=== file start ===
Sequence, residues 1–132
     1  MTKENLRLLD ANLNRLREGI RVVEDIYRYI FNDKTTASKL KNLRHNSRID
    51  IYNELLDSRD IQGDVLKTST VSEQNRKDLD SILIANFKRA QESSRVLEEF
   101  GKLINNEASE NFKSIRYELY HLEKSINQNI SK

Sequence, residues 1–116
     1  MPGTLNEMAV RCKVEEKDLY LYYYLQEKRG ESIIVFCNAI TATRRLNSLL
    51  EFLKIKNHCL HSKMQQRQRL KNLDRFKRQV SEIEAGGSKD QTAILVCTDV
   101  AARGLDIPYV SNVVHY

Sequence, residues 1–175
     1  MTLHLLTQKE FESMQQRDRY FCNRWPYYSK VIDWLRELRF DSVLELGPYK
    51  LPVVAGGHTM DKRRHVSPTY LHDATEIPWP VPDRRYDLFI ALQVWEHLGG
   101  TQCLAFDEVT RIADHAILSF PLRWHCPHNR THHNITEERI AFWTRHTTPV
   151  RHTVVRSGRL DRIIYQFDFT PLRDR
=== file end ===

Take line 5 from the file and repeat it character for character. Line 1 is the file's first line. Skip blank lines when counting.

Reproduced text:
Sequence, residues 1–116